Perri Kostecki is a barrel inspector for Kentucky Bourbon Barrel. Her job is to inspect used barrels for defects that would prevent them from being used again, often by other industries or even in other countries. Used barrels are a big business, and barrel inspectors help keep them in rotation as long as possible.
BW: What got you interested in bourbon?
PK: It is credited to my mom, who hosted bourbon tastings at the house when I was younger. My mom does not work in the industry, but she loves bourbon. My parents would take me on bourbon tours and bike rides throughout Kentucky. Honestly, my dad does not even enjoy the taste of bourbon too much! He is more of a two-beer guy, but he loves me, my mom and history so he enjoys it with us.
BW: What did you learn about barrels during your time at Kentucky Peerless and how did that spark your interest in your new job?
PK: When I first started my job as a tour guide at Peerless, I joked that I was a blank slate. At the time, I was still under the impression that whiskey was naturally an amber hue. Safe to say, I learned a lot very quickly. My job eventually led me to the magic of single barrels and how much impact and serendipitous qualities a barrel has on the product.
BW: What is the worst problem you have ever seen with a used bourbon barrel?
PK: I have seen barrels decades older than me and even some from Prohibition. On occasion, an issue with a used barrel I will come across are rusted hoops. The barrels will look pristine, and the hoops will look as though they were rescued from a shipwreck, these always catch my eye. This can be avoided by keeping barrels stored in a protected area away from the elements and optimally in a cool and relatively humid area. However, this is virtually impossible as there are millions of barrels in rickhouses and the varying placement, temperatures, and other factors contribute to the wonderful uniqueness of each product.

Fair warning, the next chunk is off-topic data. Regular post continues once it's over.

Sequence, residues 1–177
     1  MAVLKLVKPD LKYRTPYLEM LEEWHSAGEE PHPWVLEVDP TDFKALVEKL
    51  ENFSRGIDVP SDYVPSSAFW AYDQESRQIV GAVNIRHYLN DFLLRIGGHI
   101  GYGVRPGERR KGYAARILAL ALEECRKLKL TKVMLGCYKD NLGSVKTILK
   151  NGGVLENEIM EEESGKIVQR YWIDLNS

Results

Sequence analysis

BW: What advice do you have for women who want to start a career in the bourbon industry?
PK: Apply for the job that sounds most interesting to you, no matter if you are qualified yet or not. I originally applied at Kentucky Bourbon Barrel to be a barrel cooper and after watching their Master Cooper demonstrate, I was so happy that a job opened up for an inspector! I love the process of repairing barrels. I have repaired a few myself now, but Coopers are athletes, and they are athletes all day, every day. Maybe one day I will get there, but until then, I have an awesome job where I am learning constantly and following opportunities. Follow those opportunities and make yourself indispensable. Your work ethic, attitude and initiative will take you where you want to go.
BW: Tell me about your perfect whiskey weekend in Louisville.
PK: There are so many knowledgeable bartenders and creative bars in town, you cannot go wrong. However, nothing beats sharing a glass, or two, of barrel-strength rye or Old Forester 1910 with my mom.
Photos Courtesy of Kentucky Bourbon Barrel